Databases

A database

  • is a collection of information that is organized to afford efficient retrieval
  • this collection exists over a long period of time

Data in a database should be self-describing and have a schema

What problems databases solve?

  • Sharing
should support concurrent access between multiple readers and writers
should make sure all applications see clean and organized data
should work with datasets too large to fit into main memory
  • Flexibility
should allow using the data in new unexpected ways


DBMS

  • usually the term database refers to a collection of data that is managed by a DBMS - a tool for managing large amounts of data

A Database Management System (DBMS) is expected to (by Data Model Enforcement)

  • allow users to create DBs and specify the schema - logical structure of the data
(using DDL - data definition language)
  • allows to query and modify the data with some query language or data manipulation language
  • support storing very large amounts of data
  • etc


Classical DBMS Architecture

db-architecture.png


Recovery Manager

deals with Crash Recovery

Concurrency Control

  • Transaction Manager is responsible for receiving read and write requests (SQL is eventually translated to them)
  • it has a Scheduler: a component that schedules commands in some sequence thus creating an impression that all users work in isolation


Query Evaluation Engine

Responsible for Query Processing


File & Access Methods

  • Provides Wrapper Around Buffer Manager
  • here B-Tree and other Indexes are implemented


Buffer Manager

Buffer Manager is mediator between external storage and main memory (see Memory Hierarchy)

Main Responsibility: Partitioning main memory into buffers

  • it maintains a buffer pool
  • it's a collection of memory slots (called buffers)
  • a buffer is a page-sized regions into which disk blocks are transferred
  • disk blocks are brought into memory per request
    • sometimes it may allocate more blocks when asked - in anticipation that some blocks will be needed

db-architecture-buffermanager.png

A replacement policy decides which block gets evicted when the buffer pool is full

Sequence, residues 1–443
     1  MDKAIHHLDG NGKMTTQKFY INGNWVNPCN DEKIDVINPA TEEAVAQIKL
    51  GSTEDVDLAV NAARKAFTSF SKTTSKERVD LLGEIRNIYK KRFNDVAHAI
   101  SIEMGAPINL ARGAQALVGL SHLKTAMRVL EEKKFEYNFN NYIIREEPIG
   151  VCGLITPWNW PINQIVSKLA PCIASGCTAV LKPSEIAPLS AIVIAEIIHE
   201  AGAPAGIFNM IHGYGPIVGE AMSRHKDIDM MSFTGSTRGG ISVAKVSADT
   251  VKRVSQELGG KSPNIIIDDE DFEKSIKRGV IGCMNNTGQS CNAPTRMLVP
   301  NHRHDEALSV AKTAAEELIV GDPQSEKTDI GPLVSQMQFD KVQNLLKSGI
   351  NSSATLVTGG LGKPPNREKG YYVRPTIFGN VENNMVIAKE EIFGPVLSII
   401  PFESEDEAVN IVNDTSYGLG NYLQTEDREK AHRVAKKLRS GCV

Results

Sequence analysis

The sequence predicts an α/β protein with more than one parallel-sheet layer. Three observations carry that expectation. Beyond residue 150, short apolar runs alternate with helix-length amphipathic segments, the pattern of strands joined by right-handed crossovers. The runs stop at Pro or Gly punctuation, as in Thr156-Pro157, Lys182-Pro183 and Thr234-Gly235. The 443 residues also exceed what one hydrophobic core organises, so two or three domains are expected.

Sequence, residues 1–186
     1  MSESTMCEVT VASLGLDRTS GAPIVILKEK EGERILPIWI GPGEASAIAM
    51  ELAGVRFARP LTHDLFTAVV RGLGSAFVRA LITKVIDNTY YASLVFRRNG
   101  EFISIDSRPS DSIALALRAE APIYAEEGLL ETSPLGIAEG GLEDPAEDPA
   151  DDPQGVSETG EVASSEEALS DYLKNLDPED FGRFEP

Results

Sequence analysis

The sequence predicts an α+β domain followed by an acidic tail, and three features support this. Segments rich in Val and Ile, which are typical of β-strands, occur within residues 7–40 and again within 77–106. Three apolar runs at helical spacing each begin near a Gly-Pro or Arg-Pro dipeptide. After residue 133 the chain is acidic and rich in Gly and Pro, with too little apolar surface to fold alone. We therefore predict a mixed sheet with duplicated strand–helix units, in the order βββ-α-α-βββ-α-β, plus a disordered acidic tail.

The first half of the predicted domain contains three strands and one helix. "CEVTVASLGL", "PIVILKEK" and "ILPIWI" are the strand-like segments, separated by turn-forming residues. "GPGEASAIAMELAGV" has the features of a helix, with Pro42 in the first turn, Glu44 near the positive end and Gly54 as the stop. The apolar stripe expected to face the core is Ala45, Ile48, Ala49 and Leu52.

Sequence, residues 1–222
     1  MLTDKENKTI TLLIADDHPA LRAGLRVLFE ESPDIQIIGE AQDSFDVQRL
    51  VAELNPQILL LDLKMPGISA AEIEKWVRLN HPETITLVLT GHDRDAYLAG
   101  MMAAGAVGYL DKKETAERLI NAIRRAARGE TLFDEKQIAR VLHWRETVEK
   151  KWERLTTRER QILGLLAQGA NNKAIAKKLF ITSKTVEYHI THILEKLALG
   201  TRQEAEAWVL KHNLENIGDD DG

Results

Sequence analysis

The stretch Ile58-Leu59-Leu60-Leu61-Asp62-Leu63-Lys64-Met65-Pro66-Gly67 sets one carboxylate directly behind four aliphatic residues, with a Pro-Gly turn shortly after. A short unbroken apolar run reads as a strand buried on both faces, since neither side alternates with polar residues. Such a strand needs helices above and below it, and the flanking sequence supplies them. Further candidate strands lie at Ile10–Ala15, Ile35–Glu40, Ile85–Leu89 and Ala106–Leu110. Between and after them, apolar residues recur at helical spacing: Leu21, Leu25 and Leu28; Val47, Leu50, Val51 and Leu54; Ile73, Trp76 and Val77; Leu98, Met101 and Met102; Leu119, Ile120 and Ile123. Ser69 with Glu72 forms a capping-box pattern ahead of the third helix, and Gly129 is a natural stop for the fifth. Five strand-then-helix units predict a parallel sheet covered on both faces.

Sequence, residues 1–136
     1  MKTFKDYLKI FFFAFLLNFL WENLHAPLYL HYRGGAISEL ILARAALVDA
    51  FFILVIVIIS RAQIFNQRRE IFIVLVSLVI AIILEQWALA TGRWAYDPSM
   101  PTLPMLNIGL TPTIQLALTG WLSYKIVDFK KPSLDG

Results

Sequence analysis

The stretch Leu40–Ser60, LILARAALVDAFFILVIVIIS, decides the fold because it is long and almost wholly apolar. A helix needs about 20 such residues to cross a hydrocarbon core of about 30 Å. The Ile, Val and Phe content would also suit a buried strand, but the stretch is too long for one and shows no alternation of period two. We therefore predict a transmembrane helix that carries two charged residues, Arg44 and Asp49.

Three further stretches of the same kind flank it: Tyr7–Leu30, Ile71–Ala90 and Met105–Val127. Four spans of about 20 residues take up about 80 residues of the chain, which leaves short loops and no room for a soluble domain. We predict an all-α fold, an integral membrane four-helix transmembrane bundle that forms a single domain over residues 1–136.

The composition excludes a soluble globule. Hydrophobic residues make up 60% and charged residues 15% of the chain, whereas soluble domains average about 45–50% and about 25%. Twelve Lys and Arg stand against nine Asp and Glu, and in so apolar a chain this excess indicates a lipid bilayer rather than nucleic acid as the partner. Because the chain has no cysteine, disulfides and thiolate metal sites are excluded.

• popular policies" FIFO, Least Recently Used, Clock, etc

Blocks Management

  • Higher levels don't care care if a block in memory or not
    • BM loads it if it's not
    • BM doesn't load if it's already there
    • if no empty buffers, but need to load something, it uses the replacing policy
  • Higher levels also inform when a block is no longer needed
    • so BM can reuse the space
  • pinned block - block that should remain in the memory because it's still needed
    • pinning - making a block pinned
    • unpinning - telling BM that a block is no longer needed
  • if a block is modified, BM makes sure the changes are propagated to dosk


Disk Space Manager

sometimes also Storage Manager

  • controls where the data in main memory or on disk is stored
  • keeps track on locations of data requested by buffer manager
  • deals with requests from upper layers to allocate, deallocate, read and write blocks
  • hides details of underlaying hardware and OS
  • typically uses functionality provided by OS


Stored Information

  • data - content of the DS
  • metadata - DB schema that describes the DB
  • log records - information about recent changes to the database
  • Statistics - sizes, values, relation to other components of DB, stored in Database System Catalog
  • Indexes to support efficient access to data


Databases


Sources

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